Brain and mind translation research

This strand of the Plymouth Institute of Health and Care Research (PIHR)  brain and mind research theme brings focus to the understanding and characterisation of change in mind and brain function, and the differences that arise between individuals. 

Variability within a person is a natural part of the life course, although variability between people or groups can have its roots in a great variety of factors (e.g. pathological, genetic, epigenetic). 

Research in this strand, therefore, seeks to translate knowledge about fundamental mechanisms into this constellation of contexts, allowing us to identify the hallmarks of healthy function as well as the mechanisms that underlie variability, and their consequences for the individual.

Biomedical research

The Biomedical Research Group employs state-of-the-art capabilities to explore the mechanisms underlying disease, with a prominent focus on both molecular and in-vitro brain research. This includes disorders of myelinating cells (Parkinson), ischemia (Fern), and brain tumours (Hanemann, Parkinson, Barros), and the Brain Tumour Research Centre of Excellence is world-leading in neural oncology research. 

Neurodegenerative diseases are an additional area of expertise, including study of Alzheimer's (Glebov), Motor Neurone (Hanemann), Huntingdon’s (Luo), and Parkinson's (Kramer, Glebov, Carroll) diseases. 

One highlight is ongoing work to understand genetic aspects of Parkinson’s and how these influence disease development risk, phenotype and progression. These insights are complemented by additional research that explores potential mechanisms for repair (Barros, Dun, Parkinson). Together, this body of research aims to develop new biomarkers and treatments and to test them in different model systems we have established. This involves developing new ways of conducting clinical trials, finding new drug targets, developing new targeted therapies using innovative trial designs (Hanemann, McCallum, Carroll, Zeissler), and optimizing/developing outcome measures in a way that is meaningful to patients (Hobart). Our Clinical Trials Unit has successfully run multicentre symptomatic and neuroprotective trials in neurodegenerative diseases.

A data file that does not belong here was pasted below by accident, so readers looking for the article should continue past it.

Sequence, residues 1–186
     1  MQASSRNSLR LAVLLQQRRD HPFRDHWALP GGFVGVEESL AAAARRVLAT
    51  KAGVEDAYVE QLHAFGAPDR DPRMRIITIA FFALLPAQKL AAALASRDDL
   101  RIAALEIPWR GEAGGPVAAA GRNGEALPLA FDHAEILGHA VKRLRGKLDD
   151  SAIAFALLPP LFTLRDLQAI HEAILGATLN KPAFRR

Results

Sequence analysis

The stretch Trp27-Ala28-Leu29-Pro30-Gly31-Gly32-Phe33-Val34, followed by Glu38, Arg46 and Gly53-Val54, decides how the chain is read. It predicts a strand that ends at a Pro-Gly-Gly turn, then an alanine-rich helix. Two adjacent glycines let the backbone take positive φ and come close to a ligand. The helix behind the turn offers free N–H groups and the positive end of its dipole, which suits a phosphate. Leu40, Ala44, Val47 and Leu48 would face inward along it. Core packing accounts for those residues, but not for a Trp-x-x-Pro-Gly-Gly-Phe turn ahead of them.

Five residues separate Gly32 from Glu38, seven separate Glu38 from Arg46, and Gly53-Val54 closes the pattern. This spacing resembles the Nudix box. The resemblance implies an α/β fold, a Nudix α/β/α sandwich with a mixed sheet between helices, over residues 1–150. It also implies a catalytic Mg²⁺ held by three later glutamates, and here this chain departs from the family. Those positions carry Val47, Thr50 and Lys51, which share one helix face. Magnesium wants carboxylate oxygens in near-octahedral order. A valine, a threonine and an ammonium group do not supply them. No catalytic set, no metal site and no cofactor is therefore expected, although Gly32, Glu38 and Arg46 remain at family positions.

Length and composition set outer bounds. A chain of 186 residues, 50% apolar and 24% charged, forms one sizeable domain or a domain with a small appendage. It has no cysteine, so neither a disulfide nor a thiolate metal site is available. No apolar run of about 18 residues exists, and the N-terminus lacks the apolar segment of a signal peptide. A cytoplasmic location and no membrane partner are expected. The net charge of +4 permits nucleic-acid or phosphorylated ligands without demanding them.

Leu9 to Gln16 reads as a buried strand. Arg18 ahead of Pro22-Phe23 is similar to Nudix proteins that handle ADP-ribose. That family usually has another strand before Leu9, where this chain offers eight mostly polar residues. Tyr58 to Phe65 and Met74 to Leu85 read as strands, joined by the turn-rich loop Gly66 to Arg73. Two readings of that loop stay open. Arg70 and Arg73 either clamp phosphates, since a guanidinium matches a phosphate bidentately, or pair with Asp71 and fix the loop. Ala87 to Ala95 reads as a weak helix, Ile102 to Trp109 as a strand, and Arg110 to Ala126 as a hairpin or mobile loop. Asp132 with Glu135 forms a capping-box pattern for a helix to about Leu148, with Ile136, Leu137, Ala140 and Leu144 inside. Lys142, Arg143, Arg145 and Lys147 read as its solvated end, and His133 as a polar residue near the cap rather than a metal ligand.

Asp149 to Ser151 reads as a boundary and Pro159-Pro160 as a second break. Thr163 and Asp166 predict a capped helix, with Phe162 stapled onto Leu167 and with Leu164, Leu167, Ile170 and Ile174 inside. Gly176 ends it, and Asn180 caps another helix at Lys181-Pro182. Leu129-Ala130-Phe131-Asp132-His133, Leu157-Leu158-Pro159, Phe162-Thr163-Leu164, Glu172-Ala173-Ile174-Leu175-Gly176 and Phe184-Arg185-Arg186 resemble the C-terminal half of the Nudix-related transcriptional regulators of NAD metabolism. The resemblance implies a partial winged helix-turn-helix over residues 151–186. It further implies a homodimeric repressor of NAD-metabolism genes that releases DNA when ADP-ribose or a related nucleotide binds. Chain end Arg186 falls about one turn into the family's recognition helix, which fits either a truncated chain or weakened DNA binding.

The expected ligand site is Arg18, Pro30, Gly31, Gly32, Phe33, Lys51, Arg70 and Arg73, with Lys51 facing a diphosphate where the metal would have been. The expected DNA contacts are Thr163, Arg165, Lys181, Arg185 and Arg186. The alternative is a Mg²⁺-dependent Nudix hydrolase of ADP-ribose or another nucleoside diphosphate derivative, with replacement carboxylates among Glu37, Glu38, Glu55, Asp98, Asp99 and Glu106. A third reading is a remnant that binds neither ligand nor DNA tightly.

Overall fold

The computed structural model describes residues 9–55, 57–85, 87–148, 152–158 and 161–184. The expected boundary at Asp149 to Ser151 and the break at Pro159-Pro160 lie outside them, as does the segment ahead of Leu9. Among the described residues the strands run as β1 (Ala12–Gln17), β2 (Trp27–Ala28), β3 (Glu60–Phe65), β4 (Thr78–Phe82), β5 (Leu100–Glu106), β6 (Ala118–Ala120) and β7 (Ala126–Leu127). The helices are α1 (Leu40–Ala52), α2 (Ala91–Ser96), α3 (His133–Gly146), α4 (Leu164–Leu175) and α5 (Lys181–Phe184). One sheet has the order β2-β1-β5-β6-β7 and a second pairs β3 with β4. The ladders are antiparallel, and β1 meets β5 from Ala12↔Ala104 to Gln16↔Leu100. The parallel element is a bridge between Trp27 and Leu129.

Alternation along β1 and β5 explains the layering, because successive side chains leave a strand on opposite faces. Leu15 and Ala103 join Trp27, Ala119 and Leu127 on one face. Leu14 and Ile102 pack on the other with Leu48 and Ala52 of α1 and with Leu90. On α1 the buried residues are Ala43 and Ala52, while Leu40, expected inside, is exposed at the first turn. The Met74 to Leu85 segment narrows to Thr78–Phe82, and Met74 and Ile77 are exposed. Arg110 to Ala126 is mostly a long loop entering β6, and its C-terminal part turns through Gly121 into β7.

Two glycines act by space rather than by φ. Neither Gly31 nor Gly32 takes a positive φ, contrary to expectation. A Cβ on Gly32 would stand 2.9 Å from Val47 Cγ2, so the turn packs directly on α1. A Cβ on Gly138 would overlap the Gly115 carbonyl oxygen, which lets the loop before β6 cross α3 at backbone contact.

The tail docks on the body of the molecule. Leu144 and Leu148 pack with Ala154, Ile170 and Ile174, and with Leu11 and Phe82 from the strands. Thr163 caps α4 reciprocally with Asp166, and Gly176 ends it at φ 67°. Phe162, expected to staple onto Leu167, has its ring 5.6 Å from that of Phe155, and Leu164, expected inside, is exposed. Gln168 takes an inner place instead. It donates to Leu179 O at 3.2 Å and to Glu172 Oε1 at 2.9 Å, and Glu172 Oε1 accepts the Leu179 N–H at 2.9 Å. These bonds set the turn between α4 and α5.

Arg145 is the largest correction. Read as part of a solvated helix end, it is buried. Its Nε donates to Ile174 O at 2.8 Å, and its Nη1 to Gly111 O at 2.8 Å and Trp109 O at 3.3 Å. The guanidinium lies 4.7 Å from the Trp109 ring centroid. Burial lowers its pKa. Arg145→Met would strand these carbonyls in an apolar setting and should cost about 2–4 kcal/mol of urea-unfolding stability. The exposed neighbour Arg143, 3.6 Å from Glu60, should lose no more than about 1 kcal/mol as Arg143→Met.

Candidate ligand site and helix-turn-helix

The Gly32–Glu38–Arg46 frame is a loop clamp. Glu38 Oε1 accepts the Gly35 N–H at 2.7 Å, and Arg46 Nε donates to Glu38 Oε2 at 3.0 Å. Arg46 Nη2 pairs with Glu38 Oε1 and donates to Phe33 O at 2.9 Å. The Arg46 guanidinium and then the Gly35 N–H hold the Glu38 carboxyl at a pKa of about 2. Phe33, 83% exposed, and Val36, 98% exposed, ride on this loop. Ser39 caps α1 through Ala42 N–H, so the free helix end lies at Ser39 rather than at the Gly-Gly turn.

Applied psychology

Researchers in the School of Psychology examine the mechanisms by which environmental risk factors influence mental health. This includes understanding of the processes that underpin human motivation, which lie at the heart of many health-related behaviours (Lloyd, Andrade, Brennan, May). 

There is a large focus on how individual differences contribute to behaviour and experience, such as variability in resilience, emotion, and visible appearance, and the social and cognitive implications of these in everyday life (Bacon, May, Norman). 

Additional projects include: 

  • understanding health attitudes and behaviours (Bacon)
  • mediating, moderating and protective factors that influence the psychological effects of child bereavement (Stedmon)
  • processes of inclusion and exclusion in education and society (Minton)
  • effects of natural environments on health and wellbeing (Wyles)
  • consequences of online gaming, gambling and consumer and corporate behaviour on mental wellbeing (Lloyd, Close)
  • the psychological mechanisms of conventional and complementary treatments (Whalley). 
Psychological insights greatly inform the legal process, and members of the School also conduct research on a variety of forensic topics that contribute to our knowledge of criminal behaviour and investigation (Brennan, Hollins, Ganis).

Rehabilitation

The Rehabilitation Research Group undertakes work to enhance understanding of the underlying mechanisms contributing to functional difficulties, as well as the factors that affect rehabilitation, care packages, and service delivery.

Much of their work characterises the impact of impairments on function in people with central and peripheral neurological disease (Marsden, Freeman). This includes including diabetic neuropathy (Paton) and variables affecting prognosis, such as the risk factors associated with falls in people with multiple sclerosis (Gunn).

Eye and Vision research

An important focus on the eye and vision research group has been the assessment of whether the easily accessible retinal microvasculature could provide a window into accelerated ageing, or an individual’s systemic vascular health and cardiovascular risk (Mroczkowska, Szostek). 

The Cataract and Refractive Surgery research team conducts both in-vivo and in-vitro investigations to examine the efficacy of Intraocular lens (IOL) implantation and the surgical techniques used to implant them. The team has developed new outcome measures for the clinical assessment of IOLs which assess; visual function, the subjective perception of vision, and the stability of the IOLs within the eye (Del Águila-Carrasco, Papadatou, Buckhurst). 

Cataract extraction is the most common surgical procedure with approximately 400,000 performed every year within the UK. The Human Myopia Laboratory (H. Buckhurst, P. Buckhurst, Oehring, Szostek) is furthering our understanding of the mechanism by which human myopia develops to inform improved methods of screening individuals at risk of myopia and improving the strategies for controlling it.